<img height="1" width="1" style="display:none" src="https://www.facebook.com/tr?id=192888919167017&amp;ev=PageView&amp;noscript=1">
Monday, December 4, 2023
Dec. 4, 2023

Linkedin Pinterest

Plum Delicious: Vancouver family’s recipe is ‘the flavor of memory’ and connection

By , Columbian staff writer
6 Photos
Jean Miller's family recipe book contains generation of recipes, including her mother Mary O'Malley Laughlin's handwritten recipe for plum upside-down cake, passed down from her maternal grandmother, Honorine Boulanger O'Malley.
Jean Miller's family recipe book contains generation of recipes, including her mother Mary O'Malley Laughlin's handwritten recipe for plum upside-down cake, passed down from her maternal grandmother, Honorine Boulanger O'Malley. (Photos by Amanda Cowan/The Columbian) Photo Gallery

Who says pineapple is the only fruit that gets to have an upside-down cake? Why not bestow the same honor on the humble plum? Take a lesson from Honorine Boulanger O’Malley, a resourceful mother and businesswoman who used her wits and creativity to feed a crowd with plum upside-down cake. Little did she know that her delicious recipe would tie her family together for generations to come.

In the 1930s, O’Malley opened Nora O’Malley’s Boarding House on Portland’s Pettygrove Street, said O’Malley’s granddaughter Jean Miller of Vancouver. O’Malley served her famous plum cake, a turn-of-the-century recipe that had always delighted O’Malley’s children, to a steady stream of lodgers who were drawn to the boarding house by O’Malley’s renowned cooking. The recipe was passed down the family line and now the O’Malley descendants have been eating upside-down plum cake for at least a hundred years, each forkful rich with remembrance.

“Food is like a transporter. It’s a way-back machine. It’s the flavor of your memory and there’s nothing more intense,” said Miller. “When you eat something like that, it creates an entire scene. It makes a movie in your head.”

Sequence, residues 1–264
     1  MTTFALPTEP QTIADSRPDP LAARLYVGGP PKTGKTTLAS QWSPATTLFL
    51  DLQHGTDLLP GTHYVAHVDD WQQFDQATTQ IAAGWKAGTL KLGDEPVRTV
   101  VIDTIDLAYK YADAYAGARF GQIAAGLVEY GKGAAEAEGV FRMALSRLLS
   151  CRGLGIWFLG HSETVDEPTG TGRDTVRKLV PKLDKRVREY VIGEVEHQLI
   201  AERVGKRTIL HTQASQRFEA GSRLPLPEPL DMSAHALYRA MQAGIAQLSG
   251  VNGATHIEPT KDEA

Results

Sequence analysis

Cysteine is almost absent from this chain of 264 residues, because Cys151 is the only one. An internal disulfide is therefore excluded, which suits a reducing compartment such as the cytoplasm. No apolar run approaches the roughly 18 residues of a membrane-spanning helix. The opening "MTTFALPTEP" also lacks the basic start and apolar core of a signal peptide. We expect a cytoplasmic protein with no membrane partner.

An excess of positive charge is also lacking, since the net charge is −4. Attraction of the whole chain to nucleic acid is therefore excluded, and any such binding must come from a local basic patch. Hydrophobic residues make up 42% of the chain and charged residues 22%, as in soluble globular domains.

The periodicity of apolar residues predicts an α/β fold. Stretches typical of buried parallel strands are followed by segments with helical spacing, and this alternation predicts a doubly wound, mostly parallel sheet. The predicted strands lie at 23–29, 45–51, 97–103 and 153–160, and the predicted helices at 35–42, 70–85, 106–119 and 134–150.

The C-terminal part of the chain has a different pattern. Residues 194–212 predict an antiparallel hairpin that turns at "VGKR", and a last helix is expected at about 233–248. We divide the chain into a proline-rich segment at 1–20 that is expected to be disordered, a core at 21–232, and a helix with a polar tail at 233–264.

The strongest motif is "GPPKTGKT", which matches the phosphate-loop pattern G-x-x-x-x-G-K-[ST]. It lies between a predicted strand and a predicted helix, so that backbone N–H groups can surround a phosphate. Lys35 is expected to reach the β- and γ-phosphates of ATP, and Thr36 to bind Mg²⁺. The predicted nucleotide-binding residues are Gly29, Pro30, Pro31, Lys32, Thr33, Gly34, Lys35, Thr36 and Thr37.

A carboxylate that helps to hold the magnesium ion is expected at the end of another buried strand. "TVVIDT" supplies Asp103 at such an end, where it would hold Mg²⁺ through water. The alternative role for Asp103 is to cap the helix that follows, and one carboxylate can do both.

Miller said the plum cake was important to the O’Malley siblings because it was a reminder of their early, close-knit childhood in Wisconsin. After their father died, the entrepreneurial O’Malley tried several business ventures to keep the family together (“pretty gutsy for 1921,” quipped Miller) but nothing was successful. The five O’Malley children were reluctantly separated and sent to live with far-flung relatives. After a series of moves, O’Malley came to Portland. Later, the grown brothers and sisters followed their mother to the Pacific Northwest and remained devoted to O’Malley until her death in the late ’40s.

Miller, who was born in 1950, never got a chance to meet O’Malley, but she feels a kinship with her plucky grandmother through recipes like the plum upside-down cake. O’Malley passed her culinary talents to Miller’s mother, Mary O’Malley Laughlin, who labored tirelessly to create a stable, nurturing home, perhaps in part because of her own youthful misfortune, Miller said.

“My mother was just going all the time — kids off to school, clean up the house and out the door, but home by the time we got home from school,” Miller said. “She tried to be the perfect mom, not in a Betty Crocker way but in doing what was right for her children.”